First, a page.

October 31, 2022

Peter Greene: Doug Mastriano Wants To Defund Public Education In Pennsylvania

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Doug Mastriano is a bad choice for Pennsylvania governor for many reasons, but one of the big disqualifiers is his plan for defunding education.

Mastriano has argued that Pennsylvania’s property tax should be cut to zero. His current campaign website promises a “Property Tax Elimination Task Force” (since this piece was published, that promise has disappeared from the Mastriano website). He has never suggested replacing that lost revenue with any other source; in fact, his website also promises to cut gas tax and corporate net income tax.

Pennsylvania, like most states, uses real estate tax money to fund public education. Mastriano argues that his cuts can be paid for by “redirecting our state funds to follow students instead of systems” i.e. a school voucher program.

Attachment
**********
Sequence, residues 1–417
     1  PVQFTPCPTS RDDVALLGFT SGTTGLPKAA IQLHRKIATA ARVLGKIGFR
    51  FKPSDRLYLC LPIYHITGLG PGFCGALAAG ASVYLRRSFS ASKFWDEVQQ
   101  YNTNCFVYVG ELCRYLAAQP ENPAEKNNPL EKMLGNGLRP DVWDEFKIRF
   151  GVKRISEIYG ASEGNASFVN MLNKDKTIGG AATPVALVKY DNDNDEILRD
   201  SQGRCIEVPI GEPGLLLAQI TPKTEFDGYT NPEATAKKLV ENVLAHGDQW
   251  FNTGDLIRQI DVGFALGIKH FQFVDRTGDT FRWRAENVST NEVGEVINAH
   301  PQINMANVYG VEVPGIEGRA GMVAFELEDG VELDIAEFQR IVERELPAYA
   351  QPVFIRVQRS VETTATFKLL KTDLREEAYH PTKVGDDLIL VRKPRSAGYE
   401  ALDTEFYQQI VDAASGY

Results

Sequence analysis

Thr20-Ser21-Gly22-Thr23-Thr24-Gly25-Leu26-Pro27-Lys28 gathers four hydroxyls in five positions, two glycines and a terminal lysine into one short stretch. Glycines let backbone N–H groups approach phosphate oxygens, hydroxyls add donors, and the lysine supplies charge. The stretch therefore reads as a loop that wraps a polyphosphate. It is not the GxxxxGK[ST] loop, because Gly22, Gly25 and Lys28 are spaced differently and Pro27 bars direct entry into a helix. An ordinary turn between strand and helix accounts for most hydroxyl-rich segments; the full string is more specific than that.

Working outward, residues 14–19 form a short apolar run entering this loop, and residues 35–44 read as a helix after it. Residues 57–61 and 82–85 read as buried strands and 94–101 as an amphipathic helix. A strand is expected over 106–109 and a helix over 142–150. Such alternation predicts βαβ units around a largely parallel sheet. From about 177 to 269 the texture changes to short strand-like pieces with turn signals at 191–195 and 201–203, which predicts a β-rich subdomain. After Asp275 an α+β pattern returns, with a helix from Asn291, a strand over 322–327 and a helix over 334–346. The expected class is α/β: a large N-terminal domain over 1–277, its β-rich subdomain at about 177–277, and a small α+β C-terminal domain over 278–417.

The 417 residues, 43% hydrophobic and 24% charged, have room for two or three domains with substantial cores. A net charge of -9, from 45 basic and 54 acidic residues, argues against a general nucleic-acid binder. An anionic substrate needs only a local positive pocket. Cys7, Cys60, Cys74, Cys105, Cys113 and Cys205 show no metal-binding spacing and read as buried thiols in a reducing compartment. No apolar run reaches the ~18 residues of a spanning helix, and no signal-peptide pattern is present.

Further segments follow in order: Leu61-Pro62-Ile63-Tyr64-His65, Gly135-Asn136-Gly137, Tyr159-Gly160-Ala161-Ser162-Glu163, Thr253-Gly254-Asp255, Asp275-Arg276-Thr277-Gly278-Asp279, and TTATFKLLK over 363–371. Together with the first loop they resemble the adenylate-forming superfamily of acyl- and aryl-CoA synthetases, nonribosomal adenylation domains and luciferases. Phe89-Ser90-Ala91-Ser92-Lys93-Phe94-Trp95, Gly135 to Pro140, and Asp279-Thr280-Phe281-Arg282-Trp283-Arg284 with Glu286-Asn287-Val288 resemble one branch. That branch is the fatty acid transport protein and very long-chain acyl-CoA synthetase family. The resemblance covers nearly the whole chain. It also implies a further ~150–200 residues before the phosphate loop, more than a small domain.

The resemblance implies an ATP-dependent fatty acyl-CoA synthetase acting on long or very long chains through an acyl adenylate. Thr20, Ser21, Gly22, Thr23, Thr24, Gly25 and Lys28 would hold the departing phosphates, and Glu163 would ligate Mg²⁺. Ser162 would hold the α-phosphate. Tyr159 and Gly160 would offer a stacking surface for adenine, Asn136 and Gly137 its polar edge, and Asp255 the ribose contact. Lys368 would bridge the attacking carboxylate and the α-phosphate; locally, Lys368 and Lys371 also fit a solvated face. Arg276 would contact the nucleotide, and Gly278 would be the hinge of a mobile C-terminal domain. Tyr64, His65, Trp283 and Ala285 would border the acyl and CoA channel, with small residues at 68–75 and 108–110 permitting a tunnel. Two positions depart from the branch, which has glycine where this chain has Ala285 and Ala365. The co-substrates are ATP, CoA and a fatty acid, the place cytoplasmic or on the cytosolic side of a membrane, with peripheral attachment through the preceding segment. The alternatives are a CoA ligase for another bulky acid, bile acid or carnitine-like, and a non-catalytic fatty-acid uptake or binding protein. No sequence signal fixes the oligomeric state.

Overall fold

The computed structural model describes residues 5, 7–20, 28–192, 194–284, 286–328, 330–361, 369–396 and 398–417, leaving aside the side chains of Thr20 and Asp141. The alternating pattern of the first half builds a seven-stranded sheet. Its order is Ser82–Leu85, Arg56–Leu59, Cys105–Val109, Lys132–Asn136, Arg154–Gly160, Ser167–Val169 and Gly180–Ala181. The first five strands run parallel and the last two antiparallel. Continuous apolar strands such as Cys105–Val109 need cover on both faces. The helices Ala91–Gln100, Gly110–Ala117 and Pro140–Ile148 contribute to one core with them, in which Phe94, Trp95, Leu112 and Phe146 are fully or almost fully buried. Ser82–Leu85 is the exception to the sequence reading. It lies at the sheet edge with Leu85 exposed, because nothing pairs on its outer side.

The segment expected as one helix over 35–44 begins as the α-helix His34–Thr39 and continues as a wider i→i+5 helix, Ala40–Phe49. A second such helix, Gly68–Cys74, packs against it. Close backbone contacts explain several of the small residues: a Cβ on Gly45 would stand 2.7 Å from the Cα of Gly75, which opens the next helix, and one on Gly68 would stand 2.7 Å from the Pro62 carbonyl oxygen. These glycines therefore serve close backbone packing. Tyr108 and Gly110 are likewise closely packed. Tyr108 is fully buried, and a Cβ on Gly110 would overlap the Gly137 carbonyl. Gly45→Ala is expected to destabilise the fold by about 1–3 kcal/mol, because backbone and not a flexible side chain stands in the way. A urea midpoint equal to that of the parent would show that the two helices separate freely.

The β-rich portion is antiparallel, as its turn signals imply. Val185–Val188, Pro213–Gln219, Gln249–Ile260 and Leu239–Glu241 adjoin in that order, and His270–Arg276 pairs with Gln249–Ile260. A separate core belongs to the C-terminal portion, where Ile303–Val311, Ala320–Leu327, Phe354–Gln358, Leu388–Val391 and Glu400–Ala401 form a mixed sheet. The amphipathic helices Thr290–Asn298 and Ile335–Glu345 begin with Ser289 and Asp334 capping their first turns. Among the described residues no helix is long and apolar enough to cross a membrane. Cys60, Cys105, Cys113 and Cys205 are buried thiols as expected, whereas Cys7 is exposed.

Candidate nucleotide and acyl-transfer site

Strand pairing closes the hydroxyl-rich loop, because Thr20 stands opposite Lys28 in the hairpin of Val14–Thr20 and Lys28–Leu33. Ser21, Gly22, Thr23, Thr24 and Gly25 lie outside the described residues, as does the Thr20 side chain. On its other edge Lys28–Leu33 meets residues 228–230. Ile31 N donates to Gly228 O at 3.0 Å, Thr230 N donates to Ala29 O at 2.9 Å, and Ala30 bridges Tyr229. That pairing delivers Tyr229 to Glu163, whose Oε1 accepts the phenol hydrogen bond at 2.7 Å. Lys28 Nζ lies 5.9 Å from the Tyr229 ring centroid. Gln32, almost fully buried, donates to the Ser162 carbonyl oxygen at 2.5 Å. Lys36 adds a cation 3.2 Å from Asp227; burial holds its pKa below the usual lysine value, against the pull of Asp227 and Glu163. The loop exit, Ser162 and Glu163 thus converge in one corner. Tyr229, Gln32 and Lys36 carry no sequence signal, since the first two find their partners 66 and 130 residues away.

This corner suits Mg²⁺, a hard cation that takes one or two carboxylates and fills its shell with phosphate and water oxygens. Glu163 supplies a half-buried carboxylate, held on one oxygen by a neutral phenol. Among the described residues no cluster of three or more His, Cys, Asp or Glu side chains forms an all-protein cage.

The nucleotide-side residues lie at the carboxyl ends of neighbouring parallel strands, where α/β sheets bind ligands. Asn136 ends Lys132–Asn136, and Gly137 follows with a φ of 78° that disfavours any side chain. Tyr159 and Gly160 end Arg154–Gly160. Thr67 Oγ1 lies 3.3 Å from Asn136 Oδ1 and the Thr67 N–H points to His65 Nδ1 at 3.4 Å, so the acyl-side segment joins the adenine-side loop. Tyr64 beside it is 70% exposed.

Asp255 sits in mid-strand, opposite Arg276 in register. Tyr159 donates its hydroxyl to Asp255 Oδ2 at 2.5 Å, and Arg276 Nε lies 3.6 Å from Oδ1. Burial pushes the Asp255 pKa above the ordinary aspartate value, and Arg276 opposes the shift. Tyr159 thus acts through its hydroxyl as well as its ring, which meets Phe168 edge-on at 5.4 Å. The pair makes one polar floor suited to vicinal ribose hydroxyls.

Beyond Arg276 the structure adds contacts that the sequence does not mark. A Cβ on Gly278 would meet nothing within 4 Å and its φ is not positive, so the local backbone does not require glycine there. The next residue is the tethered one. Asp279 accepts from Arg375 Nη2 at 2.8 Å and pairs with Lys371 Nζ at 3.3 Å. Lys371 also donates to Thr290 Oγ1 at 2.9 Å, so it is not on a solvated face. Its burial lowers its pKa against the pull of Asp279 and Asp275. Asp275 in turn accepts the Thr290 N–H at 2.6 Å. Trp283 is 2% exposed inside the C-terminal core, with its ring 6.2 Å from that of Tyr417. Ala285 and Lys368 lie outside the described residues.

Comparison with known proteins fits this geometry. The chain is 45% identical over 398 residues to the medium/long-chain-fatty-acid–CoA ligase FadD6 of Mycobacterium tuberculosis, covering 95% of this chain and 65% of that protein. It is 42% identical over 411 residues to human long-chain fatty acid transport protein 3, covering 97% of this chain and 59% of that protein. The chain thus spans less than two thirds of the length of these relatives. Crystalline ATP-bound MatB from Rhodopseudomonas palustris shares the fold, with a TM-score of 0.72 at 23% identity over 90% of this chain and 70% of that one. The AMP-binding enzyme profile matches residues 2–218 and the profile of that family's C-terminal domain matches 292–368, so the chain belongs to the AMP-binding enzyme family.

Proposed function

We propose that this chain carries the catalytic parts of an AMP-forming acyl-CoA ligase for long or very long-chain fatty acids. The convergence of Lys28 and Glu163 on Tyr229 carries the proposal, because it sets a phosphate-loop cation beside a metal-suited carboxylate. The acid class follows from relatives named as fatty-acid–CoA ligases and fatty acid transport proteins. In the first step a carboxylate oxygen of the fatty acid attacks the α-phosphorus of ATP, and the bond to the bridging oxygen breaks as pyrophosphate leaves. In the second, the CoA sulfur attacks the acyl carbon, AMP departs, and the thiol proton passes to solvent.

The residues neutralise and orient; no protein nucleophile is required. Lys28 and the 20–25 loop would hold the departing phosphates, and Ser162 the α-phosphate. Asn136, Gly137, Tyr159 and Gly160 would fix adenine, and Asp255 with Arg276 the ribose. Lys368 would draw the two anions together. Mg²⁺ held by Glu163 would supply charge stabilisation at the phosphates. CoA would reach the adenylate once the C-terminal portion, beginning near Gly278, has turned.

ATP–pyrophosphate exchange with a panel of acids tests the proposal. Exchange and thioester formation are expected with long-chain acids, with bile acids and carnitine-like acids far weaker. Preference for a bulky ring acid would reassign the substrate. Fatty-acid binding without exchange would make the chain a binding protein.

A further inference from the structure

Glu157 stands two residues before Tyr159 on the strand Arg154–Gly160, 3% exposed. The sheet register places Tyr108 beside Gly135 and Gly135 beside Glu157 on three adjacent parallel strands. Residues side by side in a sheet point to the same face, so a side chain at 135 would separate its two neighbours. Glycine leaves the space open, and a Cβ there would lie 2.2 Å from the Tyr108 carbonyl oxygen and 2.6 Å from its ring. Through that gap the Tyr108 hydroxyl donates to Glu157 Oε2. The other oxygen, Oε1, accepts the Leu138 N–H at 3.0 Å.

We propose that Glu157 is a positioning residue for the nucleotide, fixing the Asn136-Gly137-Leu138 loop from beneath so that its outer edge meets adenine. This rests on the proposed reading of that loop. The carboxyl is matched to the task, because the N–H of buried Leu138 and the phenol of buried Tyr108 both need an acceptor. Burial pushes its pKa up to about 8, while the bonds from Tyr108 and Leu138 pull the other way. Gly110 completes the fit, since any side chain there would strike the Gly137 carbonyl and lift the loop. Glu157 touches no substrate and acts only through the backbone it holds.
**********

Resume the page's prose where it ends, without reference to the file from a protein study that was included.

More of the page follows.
Mastriano envisions those vouchers as far less expensive than current spending. In a March interview, citing a figure of roughly $19,000 spent per student in Pennsylvania schools, Mastriano suggested cutting that to nine or ten thousand per student—roughly half.

It’s a bad plan for so many reasons.

Mastriano’s program would mean brutal defunding of rural districts, yet there are few private schools operating in those communities (and those have limited capacity). Those families would see funding for their local schools gutted, and in return they would get nothing. And as always with voucher systems, private schools get to choose their students, and not the other way around.

Such a system would also result in a loss of local control. Communities can now choose to raise their own taxes to strengthen local schools or promote capital improvements; without the ability to levy real estate taxes, local school boards would lose that power.

This piece by Peter Greene ran in Forbes back in August. Since then, nothing has come from the campaign to suggest that Mastriano has new, better idea. Mastriano’s gutting of education would be destructive of education in the Keystone State.

The full column is here. 


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